• You need to keep your front foot relaxed enough to roll the ankle slightly.[17] Your first impulse might be to tense up these muscles, and you will need to learn to resist that urge.
    • To keep control, you must use the friction between the edge of your shoe and the board as you execute the sweep, which should take your foot all the way to the front edge of the board.[18]
  3. Image titled Jump on a Skateboard Step 11
    Work on the timing. Another challenging part of doing this trick correctly is getting the timing right. Although the steps should be carried out in the order described in Part 1, you need to carry these steps out very rapidly, in just a fraction of second.[19]
    • In particular, the pop and the jump need to be carried out at almost the same time, essentially in one motion. The timing is everything here, and will take practice.[20]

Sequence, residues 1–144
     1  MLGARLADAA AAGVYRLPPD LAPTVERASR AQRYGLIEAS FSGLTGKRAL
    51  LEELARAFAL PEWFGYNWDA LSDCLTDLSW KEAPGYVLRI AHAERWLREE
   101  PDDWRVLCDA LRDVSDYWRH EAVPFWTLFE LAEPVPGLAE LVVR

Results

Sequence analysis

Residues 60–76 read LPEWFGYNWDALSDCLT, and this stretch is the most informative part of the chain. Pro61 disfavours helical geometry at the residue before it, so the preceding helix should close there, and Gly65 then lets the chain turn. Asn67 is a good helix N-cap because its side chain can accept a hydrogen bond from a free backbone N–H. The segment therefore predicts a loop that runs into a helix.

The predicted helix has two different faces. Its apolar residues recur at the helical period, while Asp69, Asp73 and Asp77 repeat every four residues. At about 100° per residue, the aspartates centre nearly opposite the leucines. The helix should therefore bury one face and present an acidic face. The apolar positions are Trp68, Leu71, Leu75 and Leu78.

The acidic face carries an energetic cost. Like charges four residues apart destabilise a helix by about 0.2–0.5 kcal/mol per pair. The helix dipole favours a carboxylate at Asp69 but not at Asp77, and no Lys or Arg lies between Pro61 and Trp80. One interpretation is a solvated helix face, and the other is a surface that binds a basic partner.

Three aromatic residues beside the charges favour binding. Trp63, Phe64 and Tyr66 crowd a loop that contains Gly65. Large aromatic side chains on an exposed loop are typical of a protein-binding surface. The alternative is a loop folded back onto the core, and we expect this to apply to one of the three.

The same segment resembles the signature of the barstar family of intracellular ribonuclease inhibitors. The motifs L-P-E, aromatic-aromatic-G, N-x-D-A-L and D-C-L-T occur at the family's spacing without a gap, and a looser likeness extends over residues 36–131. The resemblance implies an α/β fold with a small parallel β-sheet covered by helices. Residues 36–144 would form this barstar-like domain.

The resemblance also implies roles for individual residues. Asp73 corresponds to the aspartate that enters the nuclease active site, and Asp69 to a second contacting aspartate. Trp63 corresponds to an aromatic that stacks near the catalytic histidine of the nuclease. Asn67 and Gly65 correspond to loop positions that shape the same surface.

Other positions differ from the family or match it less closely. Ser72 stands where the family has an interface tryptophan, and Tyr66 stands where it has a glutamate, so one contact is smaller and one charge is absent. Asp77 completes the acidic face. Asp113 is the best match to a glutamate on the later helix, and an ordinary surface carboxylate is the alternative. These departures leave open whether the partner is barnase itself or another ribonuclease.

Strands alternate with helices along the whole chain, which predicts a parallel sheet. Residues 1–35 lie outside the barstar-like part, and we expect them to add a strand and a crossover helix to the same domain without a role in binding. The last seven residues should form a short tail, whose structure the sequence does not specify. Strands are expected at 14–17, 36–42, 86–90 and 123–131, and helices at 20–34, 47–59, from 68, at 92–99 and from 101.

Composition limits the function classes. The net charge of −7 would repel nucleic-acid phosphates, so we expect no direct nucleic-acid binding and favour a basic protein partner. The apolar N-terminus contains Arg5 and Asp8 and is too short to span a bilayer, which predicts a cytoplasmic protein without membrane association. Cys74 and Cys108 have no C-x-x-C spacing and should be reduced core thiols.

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    Work on your landing. Lastly, landing without falling off the board can be a real trick. The key here is to both keep your knees bent and get your board level before it lands.
    • Ideally, you want to land all four wheels at the same time.[21]
    • Keep your shoulders level throughout the process. Resist the temptation to lean forward as you perform this maneuver, as doing so may cause you to fall off the front of the board when you land.

Part 3
Mastering the Maneuver

  1. Image titled Jump on a Skateboard Step 13
    Start rolling. Once you've go the basic technique down, you can start working on making this trick look a little more impressive. The first step is learning to execute the ollie while the board is moving.[22]
    • Get your board rolling at a comfortable speed and give it a try, executing the move in the same way and with your feet in the same position as you did when the board was stationary.[23]
  2. Image titled Jump on a Skateboard Step 14
    Crouch down low. The next step is learning jump higher after the pop. Keeping your center of mass low will allow for a more impressive jump, so the lower you can crouch will still keeping control of the board, the better.[24]